NIGHT SPINNER, LET THE DARKNESS CONSUME HER, by Addie Thorley, Page Street Publishing Co./Manda Group

Before the massacre at Nariin, Enebish was one of the greatest warriors in the Sky King’s Imperial Army: a rare and dangerous Night Spinner, blessed with the ability to control the threads of darkness. Now, she is known as Enebish the Destroyer―a monster and murderer, banished to a monastery for losing control of her power and annihilating a merchant caravan.

Guilt stricken and scarred, Enebish tries to be grateful for her sanctuary, until her adoptive sister, Imperial Army commander Ghoa, returns from the war front with a tantalizing offer. If Enebish can capture the notorious criminal, Temujin, whose band of rebels has been seizing army supply wagons, not only will her crimes be pardoned, she will be reinstated as a warrior.

Enebish eagerly accepts. But as she hunts Temujin across the tundra, she discovers the tides of war have shifted, and the supplies he’s stealing are the only thing keeping thousands of shepherds from starving. Torn between duty and conscience, Enebish must decide whether to put her trust in the charismatic rebel or her beloved sister. No matter who she chooses, an even greater enemy is advancing, ready to bring the empire to its knees.

Out February 2020

391 Pages


I received this book in exchange for my honest review.

I hate books that claim to be retellings and really aren’t. I also have issues with fantasy books that have poorly constructed world-building and a magic system and when the book reads like you’re suppose to know these things just cuz, well yanno, it’s a fantasy genre book.

Fantasy books must have background, must have world-building, must have a religious system/magic system and/or an ecommerce system. Some have a legal system for breaking magic rules; others, have a religious system where magic is used only for it… Regardless of the choice, more is always expected. If warriors are present, then there should be great fighting scenes; so when a warrior commits a crime and is banished with monks… sorry? How is that a punishment for the crimes this Protagonist committed? Frankly, it would be like putting a sexual predator in a brothel? I don’t know, I just thought this odd.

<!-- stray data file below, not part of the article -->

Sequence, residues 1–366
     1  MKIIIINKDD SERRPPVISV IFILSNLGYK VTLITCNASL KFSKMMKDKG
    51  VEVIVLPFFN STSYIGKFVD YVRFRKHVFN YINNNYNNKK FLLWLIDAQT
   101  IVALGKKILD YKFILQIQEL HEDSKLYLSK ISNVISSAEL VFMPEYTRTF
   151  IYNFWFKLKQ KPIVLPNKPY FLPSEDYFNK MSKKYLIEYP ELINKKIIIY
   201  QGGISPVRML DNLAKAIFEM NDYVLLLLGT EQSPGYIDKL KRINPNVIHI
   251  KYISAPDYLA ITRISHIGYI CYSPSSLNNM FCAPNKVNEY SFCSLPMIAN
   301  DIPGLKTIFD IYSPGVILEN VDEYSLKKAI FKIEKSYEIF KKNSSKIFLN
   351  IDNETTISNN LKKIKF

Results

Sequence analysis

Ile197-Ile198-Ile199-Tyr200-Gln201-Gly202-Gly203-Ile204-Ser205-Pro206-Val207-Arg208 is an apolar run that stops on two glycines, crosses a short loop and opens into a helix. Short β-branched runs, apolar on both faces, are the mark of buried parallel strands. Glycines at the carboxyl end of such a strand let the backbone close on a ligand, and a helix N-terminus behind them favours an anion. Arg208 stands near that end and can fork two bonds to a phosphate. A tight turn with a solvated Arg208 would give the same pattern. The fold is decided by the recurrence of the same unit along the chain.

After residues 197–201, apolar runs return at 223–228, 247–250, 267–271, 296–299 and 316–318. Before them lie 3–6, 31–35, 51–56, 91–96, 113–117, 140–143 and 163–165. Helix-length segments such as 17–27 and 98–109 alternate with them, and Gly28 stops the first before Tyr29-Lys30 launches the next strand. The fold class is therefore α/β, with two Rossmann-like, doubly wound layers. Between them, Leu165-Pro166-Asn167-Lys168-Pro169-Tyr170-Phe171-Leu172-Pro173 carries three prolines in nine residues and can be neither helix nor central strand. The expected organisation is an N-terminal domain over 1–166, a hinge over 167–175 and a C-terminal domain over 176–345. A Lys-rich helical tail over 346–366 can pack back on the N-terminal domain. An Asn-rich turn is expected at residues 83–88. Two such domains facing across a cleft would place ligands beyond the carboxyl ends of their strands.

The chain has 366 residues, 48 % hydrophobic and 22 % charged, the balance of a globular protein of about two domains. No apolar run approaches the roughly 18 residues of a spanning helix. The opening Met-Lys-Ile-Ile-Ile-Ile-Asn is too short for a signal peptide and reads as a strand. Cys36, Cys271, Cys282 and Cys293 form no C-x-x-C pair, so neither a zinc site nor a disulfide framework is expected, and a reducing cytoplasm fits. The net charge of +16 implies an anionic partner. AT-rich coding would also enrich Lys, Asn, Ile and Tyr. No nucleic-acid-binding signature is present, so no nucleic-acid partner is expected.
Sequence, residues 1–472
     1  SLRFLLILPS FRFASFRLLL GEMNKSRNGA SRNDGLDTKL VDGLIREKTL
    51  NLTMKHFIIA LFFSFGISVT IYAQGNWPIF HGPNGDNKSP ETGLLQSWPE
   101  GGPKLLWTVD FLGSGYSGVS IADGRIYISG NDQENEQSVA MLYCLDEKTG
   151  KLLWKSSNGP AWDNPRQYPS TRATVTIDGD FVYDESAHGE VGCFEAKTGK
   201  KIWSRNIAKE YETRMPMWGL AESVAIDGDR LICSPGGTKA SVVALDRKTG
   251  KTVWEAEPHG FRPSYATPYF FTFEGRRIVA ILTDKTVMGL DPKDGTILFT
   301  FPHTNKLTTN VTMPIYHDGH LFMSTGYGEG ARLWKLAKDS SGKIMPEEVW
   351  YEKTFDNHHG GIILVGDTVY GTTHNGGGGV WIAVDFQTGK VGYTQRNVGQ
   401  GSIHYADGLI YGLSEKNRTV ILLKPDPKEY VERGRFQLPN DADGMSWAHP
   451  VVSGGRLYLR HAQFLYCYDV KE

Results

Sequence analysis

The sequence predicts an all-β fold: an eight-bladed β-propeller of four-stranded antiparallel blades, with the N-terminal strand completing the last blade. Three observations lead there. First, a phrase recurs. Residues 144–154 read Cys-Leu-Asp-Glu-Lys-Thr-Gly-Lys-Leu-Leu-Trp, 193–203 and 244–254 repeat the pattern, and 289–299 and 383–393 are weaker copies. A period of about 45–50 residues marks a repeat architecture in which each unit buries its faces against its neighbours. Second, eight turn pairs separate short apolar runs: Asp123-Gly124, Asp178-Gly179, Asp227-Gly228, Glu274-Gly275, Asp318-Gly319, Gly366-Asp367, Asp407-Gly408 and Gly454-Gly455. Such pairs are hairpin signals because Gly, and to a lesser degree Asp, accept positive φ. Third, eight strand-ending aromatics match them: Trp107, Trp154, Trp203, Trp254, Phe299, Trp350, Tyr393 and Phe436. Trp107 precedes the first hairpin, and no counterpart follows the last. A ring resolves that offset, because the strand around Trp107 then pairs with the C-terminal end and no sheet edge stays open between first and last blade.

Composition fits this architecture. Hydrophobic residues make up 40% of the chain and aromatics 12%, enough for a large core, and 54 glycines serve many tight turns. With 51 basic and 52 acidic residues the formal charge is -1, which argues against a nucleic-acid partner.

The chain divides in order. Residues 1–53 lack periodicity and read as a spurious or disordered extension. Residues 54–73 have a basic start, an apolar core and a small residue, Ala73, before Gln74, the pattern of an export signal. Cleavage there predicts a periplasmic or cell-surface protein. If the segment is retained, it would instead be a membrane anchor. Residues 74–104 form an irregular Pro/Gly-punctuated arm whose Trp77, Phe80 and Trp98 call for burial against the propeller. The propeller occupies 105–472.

When reading this book, I expected all the things that made up the fantasy genre books. What I got was maybe 25% of that. Fantasy books are not necessarily character-driven, nor are they plot-driven. What you find is they are both, pushed forward by all those other great aspects expected in this genre. I wanted more world-building, magic system reveals, religious system components that made sense and better action and fight scenes. I expected a limping soldier to carry that limp forward, not miraculously be cured of her injuries just like that. Of course, this is an editing issue that wasn’t caught.

I’m glad the magic used had limits, but why was this? Why really? Why only some had this magic but only a few?

Characters were developed nicely, but at times appeared two-dimensional and not fully rounded. Great use of humor and interactions between characters. As for the plot… oh boy, when writing a series, when outlining say the first book of that series, all plot issues by the end of the book should be reconciled. The story can continue into the next even by picking up from the previous, but plot and sub-plot issues must be resolved/reconciled by the end of the book, be it the first, third or seventh. I found many sub-plot issues leading off into the abyss of words, never to return again to be wrapped up by the end.

This is frustrating for me because the story idea is good and has so much potential. I guess I’ll read the next and see if many of my unanswered questions are resolved.

I gave this book:

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